Alexandria, Virginia, is a dense and walkable little city on the Potomac River, just south of Washington, D.C. Founded in 1749, when Alexandria was a thriving tobacco port in a British colony, it is renowned as George Washington’s hometown (his Mount Vernon estate is located just a few miles south of the heart of the city), and it still harbors a varied array of pre-Revolutionary War houses.
However, even experts have to look closely to spot the genuine articles. Time and an early 20th-century penchant for “colonialization” can make it hard to sort out the centuries here—but it’s always worth the effort.
That’s because, despite its mercantile past, Alexandria has always been, first and foremost, a city of houses. In fact, its Old and Historic District was among the first of its ilk to gain local, state, and federal recognition. And, given the attractions its celebrated Old Town streets hold for tourists, politicians, and history buffs, you never know what—or whom—you may bump into while you’re house-gazing.
Alexandria’s visitors’ center, the Ramsay House, is one of its premier colonial treasures. The gambrel-roofed wooden building started life on an unknown site some distance away from its present corner location in the heart of Old Town. It was built circa 1724 as the residence of one of Alexandria’s founders and moved to its current site around 1748. It was reconstructed in 1956, incorporating the remains of the original house and using archeological and photographic documentation to recreate an authentic picture of a prosperous colonial Virginia home. Its high stone-and-brick basement and massive-but-shapely exterior chimney are hallmarks of its type.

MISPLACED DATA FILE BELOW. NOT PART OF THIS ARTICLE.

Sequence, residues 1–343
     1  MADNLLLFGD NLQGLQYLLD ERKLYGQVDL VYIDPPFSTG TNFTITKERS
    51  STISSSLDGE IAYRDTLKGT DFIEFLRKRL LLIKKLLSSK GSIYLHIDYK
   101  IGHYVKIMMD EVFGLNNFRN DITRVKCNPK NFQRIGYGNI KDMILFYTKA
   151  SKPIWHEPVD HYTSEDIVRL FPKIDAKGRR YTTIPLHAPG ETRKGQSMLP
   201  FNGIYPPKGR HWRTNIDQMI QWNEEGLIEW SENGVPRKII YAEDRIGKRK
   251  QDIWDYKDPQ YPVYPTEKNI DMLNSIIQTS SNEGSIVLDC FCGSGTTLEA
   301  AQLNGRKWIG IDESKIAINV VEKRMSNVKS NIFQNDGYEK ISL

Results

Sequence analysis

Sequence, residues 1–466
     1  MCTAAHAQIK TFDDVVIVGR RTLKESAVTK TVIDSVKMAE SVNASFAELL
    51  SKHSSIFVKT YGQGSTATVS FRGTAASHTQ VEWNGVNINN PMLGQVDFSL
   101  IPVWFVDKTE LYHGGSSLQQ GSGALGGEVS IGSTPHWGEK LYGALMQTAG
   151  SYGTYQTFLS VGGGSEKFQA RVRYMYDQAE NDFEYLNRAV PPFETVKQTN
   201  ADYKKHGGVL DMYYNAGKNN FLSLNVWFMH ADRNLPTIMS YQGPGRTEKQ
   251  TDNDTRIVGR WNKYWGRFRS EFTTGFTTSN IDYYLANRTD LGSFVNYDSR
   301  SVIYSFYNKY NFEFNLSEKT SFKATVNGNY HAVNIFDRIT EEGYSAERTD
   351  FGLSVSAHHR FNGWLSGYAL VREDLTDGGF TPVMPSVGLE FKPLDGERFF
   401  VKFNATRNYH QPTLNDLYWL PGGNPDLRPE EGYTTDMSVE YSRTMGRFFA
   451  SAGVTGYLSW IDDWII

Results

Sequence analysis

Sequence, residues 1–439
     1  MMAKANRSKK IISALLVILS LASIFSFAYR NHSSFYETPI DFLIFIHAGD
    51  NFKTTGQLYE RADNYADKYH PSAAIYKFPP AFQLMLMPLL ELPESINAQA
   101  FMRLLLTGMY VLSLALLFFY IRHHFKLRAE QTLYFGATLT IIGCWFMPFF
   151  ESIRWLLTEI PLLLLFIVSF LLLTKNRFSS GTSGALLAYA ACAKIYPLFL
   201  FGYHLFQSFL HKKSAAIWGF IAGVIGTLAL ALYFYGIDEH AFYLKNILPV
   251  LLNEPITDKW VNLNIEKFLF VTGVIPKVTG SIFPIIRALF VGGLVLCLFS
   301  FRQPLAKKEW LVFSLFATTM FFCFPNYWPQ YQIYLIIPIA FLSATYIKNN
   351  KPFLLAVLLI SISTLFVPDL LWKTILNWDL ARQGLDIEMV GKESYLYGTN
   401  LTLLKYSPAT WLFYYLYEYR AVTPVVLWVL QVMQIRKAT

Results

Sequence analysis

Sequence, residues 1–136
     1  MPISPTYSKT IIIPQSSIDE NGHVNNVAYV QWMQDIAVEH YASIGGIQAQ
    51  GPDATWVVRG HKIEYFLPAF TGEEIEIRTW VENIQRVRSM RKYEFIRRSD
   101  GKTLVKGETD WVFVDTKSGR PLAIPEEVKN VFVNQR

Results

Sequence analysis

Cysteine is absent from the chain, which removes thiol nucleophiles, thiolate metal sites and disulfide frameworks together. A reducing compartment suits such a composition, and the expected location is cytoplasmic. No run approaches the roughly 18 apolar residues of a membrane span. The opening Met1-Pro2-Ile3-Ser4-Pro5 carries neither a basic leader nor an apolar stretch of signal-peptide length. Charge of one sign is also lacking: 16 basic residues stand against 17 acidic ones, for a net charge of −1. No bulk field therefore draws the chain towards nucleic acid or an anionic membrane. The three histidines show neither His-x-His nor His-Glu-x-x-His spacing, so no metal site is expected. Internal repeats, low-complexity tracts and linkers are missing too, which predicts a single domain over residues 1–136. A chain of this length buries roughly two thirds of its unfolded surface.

Nearby, the Carlyle House, now a historic house museum, offers yet another—and much grander—version of colonial prosperity. The stately Georgian Palladian stone mansion was erected in 1751-53 by John Carlyle, a wealthy Scottish immigrant, within sight of his busy riverfront warehouses. The Carlyle House was perhaps Virginia’s most impressive urban home outside of the colonial capital at Williamsburg, and the smooth, ashlar stonework is unique in Alexandria. A symmetrical façade anchored by an impressive projecting pavilion—with stone quoins at the corners of the main block and pavilion, and surrounding a gracefully arched entrance—gives the big house a stylish dignity that reflects its Scottish heritage.
The Carlyle House’s flanking outbuildings have long since vanished—along with its other outbuildings—probably in the mid-19th century, when the house was obscured by the erection of Alexandria’s most up-to-date hotel in its front yard. The hotel was demolished, and the house was restored in 1976. Visitors, who are often surprised by the sparsely planted front grounds (representative of 18th-century landscaping practices), are charmed by the lushly terraced rear garden.
The size and isolation of the Carlyle House were far from the norm in Alexandria. Much more common was the simple three-bay row house, similar to those in other old East Coast cities like New York, Baltimore, and Philadelphia. This economical use of land was exactly what the city’s early planners had in mind when they issued the 1751 regulation requiring that houses be built all the way to the street. Brick sidewalks now occupy part of the old cobblestone street frontage, but the effect is just what was intended. Only a few short stretches of the cobblestone streets still survive (fortunately, for the safety of drivers and pedestrians!).
This early law is what gives Old Town its sense of architectural order, with block after block of unbroken rows of narrow houses punctuated by the occasional cobblestone alley or the even more rare—and highly coveted—side garden on an adjoining lot.